What If We Were ALL Wrong About Illegal Immigration?

What If We Were ALL Wrong About Illegal Immigration?

I guess I’ve heard so much about illegal immigration over so many years of my life – that I have some what blindly assumed there were thousands (if not millions) of people trying to sneak into the USA every year.  I was alive for the Reagan era amnesty, and recall the rhetoric since that time about how we need to be sure to never do this again. I know that this is a major concern for most of my conservative friends. I can’t count how many times I’ve heard statements along the line of “They aren’t undocumented workers, they are illegal aliens!”

Then there is the analogy of “those who come into my house via the front door are worthy of invitation to stay, but those who break into my  yard from the side do not deserve anything but to be driven from my property: which is often used when discussing immigration. It is unfortunately quite simplistic, and as result it fails to encompass enough reality to be a good reasoning point without lots of footnoted exceptions. [What about religious and political refugees? What about those who actually have to flee for their lives? Being an American it is often easy to not realize this is the plight of much of the world.]

I really do understand this reasoning – and how people who who ascribe to it do not view themselves as racist.

In fact, illegal migration ended eight years ago and has been zero or negative since 2008, because migration is a young person’s game. If you don’t migrate between the ages of 15 and 30, you don’t migrate at all, and the average age in Mexico is now 28 years old.

Unfortunately, so often in America there is an assumption that even those who are here legally are under some obligation to prove they are aren’t here illegally. I’m always shocked when I hear conversation or comments displaying an underlying current that everyone who appears to be an immigrant of Mexican or other Latin decent they are somehow here illegally. We don’t give others the grace nor the benefit of the doubt we often demand for ourselves.

There is in fact no onus of proof upon any of us to proactively prove our right to be here. You don’t prove your innocence – this is not our ideal of justice.

This method of applying stereotypes to people based on assumptions that have no actual basis in fact – THIS type of profiling is where the line into racism is crossed. And of course, unfortunately, there are some who are just flat out racist against all who aren’t like themselves. Immigrants are inherently guilty to varying degrees based on the country of origin when contrasted to self righteous one’s own racial origin and identity.

So, how was I caught off guard? 

I hadn’t considered the proposition: “What if the illegal immigration story I’m so familiar with was actually a story of the past – and that it doesn’t really apply to us today?”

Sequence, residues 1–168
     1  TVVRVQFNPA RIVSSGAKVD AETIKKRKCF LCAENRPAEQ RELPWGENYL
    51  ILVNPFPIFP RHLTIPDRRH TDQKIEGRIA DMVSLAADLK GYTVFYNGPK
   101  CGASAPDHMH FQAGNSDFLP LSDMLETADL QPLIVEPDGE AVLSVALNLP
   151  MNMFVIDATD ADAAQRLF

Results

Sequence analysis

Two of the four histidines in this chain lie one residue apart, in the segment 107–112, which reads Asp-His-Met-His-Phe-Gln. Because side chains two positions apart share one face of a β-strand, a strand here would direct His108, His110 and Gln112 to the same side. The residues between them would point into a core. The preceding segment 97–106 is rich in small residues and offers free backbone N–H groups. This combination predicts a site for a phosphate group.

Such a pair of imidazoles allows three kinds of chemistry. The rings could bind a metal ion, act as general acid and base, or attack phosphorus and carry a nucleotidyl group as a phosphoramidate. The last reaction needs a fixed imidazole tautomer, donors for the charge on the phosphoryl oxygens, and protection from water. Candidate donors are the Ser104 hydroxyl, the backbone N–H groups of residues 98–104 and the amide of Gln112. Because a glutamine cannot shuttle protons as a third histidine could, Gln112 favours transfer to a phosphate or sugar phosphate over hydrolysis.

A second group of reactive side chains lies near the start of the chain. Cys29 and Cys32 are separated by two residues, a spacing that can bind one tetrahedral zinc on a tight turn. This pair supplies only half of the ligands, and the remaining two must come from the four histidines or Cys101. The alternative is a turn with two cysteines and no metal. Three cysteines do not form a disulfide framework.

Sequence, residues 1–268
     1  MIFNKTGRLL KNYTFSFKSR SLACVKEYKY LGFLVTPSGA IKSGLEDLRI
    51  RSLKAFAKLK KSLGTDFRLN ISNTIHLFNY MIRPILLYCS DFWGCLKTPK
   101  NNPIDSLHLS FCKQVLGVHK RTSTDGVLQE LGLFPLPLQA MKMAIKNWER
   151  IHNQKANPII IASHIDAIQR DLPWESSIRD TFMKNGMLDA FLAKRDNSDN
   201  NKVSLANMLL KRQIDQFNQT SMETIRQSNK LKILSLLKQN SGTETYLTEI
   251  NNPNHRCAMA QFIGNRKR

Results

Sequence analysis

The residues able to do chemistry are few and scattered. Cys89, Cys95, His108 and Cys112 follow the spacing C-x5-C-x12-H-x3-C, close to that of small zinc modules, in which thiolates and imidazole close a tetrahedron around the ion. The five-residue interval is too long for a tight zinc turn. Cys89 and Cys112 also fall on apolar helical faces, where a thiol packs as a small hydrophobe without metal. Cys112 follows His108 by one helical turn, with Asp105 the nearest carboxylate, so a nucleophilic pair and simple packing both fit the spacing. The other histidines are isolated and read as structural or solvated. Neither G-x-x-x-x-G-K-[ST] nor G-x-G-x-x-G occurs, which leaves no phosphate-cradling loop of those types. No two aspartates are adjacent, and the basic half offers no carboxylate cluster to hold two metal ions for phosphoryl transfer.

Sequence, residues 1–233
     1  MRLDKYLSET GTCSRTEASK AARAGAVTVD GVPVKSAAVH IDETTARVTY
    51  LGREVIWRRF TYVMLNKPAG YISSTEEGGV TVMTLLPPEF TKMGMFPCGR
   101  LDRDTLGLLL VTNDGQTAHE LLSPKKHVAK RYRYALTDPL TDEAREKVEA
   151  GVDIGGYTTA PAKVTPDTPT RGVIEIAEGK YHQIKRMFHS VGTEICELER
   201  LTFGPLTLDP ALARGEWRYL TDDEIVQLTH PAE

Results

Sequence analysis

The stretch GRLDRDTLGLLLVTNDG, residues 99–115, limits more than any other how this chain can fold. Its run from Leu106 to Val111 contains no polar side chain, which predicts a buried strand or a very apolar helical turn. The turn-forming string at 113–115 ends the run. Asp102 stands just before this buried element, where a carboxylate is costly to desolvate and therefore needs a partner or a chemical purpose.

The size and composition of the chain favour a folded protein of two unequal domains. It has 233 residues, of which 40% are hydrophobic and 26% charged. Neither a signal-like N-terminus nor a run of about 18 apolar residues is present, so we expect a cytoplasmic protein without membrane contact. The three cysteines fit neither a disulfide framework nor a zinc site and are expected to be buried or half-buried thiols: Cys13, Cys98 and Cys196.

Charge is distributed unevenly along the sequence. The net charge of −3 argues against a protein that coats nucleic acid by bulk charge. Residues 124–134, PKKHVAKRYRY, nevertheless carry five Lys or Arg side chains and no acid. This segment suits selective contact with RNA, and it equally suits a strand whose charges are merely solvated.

robert_reich

Robert Reich

This idea at the outset sounds very much like heresy doesn’t it. I mean, it couldn’t possibly be even really be partly true, but much less mostly true could it? I mean isn’t the need for building a wall a major component of one party’s platform for this 2016 election cycle?

But – what if the proposition I stated were the case?

I was reading the repost of a blog post from last October on Salon about this very issue by Robert Reich (former Secretary of Labor and professor of Public Policy ). He covers four myths common to the immigration debate that are not actually based in factual positions. Two of which are:

What if the platform positions of immigrants taking American jobs was a myth? (They add economic demand and push job creation)

What about the myth that they drain public budgets? (Undocumented Immigrants actually paid 11.8 billion in taxes in 2012)

Douglas Massey

Douglas Massey

Then I read today as well the Doug Massey (Professor of Sociology specializing in immigration) interview transcript which dealt with so many of these same topics. And it seems from what I see that the largest and weight on the economy now related to illegal immigration has to do with the incarceration and detention costs. Crime is lower in immigrant neighborhoods than the national average. The average ‘undocumented’ immigrant has been been in the USA for 10~20 years now.

“Immigrants, in general, are very uninvolved in the welfare system. In fact, legal immigrants are banned for five years from receiving these federally-subsidized services. Undocumented migrants are banned from Obamacare, of course, the Affordable Care Act. The only real expense is emergency medical care.”

The biggest shocks:

1) there was no issue nor problem until the 1965 Immigration and Nationality Act amendments. And 2) illegal imigration has been statistically ZERO since 2008.

So, please take a moment to look at these two articles, and think carefully about them. Consider I pray the possibility they might be true. It is important that we actually deal with truth and facts when we consider our politics. It is easy to get caught up in party, and what we assume to be true. But, when scientists and economists come to us with different data than we expect – we need to at least look at it with an honest and open heart and mind.

Love this infographic from onthemedia.org

https://www.wnyc.org/story/bnch-migration-doug-massey/

https://www.salon.com/2015/10/22/robert_reich_conservatives_are_brazenly_lying_about_u_s_immigrants_partner

http://robertreich.org/post/131585289045

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